San Diego

Imperial Beach Boulevard Getting Green Makeover

Warning: Reading this article may cause a strong urge to abandon your office, rent a beach cruiser and spend the afternoon in Imperial Beach.

But, not so fast.

Because big changes are coming to Imperial Beach Boulevard that will soon improve your ride through the small seaside community, and improve access to its spectacular estuary, where salty ocean water and fresh river water mingle when the Tijuana River meets the Pacific Ocean.

The City of Imperial Beach recently received $5.5 million in grants to renovate one of its main traffic arteries with bike and pedestrian-friendly upgrades. The city plans to add $211,000 to those funds.

The grant and city reserve funding will pay for bike lanes, 50 more parking spots along the city’s main west-to-east thoroughfare, eco-friendly landscaping and a more natural stormwater management system.

The City Council approved the updated design plans at a meeting Wednesday night, according to Mayor Serge Dedina. An executive summary of the project and mobility assessment can be found online.

The Imperial Beach Boulevard Enhancement project will add green landscape that naturally filters stormwater before it reaches the protected estuary, and it will reallocate one vehicular lane to calm traffic around schools, according to the online summary.

The project originally started as a way to provide safe routes to school for high school and middle school students between Seacoast Drive and 13th Street. Both Mar Vista High and Imperial Beach Charter School are located on the street.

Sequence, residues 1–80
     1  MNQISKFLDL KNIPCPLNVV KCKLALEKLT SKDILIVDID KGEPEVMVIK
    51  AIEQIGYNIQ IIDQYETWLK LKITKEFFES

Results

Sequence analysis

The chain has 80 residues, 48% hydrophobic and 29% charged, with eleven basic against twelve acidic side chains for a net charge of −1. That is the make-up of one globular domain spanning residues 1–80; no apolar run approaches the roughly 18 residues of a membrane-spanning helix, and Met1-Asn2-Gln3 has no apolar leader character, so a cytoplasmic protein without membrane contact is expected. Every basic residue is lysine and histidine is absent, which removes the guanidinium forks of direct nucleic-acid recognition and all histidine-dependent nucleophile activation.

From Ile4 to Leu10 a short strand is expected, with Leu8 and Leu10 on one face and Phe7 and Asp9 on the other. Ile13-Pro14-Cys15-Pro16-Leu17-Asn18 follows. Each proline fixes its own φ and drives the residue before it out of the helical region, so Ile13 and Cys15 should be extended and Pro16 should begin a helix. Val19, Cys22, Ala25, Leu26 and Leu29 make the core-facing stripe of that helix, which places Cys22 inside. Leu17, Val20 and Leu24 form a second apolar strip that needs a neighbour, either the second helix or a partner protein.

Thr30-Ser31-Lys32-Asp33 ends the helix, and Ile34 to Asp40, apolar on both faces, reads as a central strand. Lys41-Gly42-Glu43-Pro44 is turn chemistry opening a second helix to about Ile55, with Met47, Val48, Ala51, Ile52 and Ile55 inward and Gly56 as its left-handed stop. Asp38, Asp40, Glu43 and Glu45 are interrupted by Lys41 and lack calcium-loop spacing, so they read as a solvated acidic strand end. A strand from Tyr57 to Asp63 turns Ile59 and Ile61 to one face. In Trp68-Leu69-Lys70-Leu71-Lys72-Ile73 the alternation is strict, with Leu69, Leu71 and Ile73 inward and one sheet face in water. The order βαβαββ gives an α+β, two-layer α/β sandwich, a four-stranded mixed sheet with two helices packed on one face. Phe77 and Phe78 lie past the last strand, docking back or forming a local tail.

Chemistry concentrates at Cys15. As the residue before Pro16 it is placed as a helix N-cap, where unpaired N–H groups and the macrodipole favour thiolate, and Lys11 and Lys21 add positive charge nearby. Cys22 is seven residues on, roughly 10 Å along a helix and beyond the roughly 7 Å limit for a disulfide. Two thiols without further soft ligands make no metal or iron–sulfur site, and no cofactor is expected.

“Imperial Beach Boulevard currently doesn’t have any bike lanes,” said Director of Public Works Eric Minicilli. “The sidewalks are very narrow. Most are five feet or less in width. So, the idea was to do improvements to the roadway to address those concerns.”

But then, the grants came in much larger than expected, Minicilli said, allowing the city to make even more improvements, including “some very exciting things related to the estuary especially.”

Minicilli said that could include a boardwalk along the Tijuana Estuary - a vast 2,500 acre federally protected wetlands reserve, which lies between the U.S. Mexico border and the city.

Imperial Beach resident Dr. Hans Bertsch, a marine biologist, lives directly across from the Tijuana Estuary. He said he initially had reservations about the project, but after looking at the plans carefully, he said he supports it.

“It’s making (the estuary) more accessible to other people,” Bertsch said. “There’s a definite connection between having accessibility to wildlife and green areas and people’s mental health. And if we can help the mental health of the people of San Diego with the beauty that we have down here, then that’s what life’s about, is sharing that with people.”

The work will begin January 2019 and take about nine months to complete, Minicilli said.

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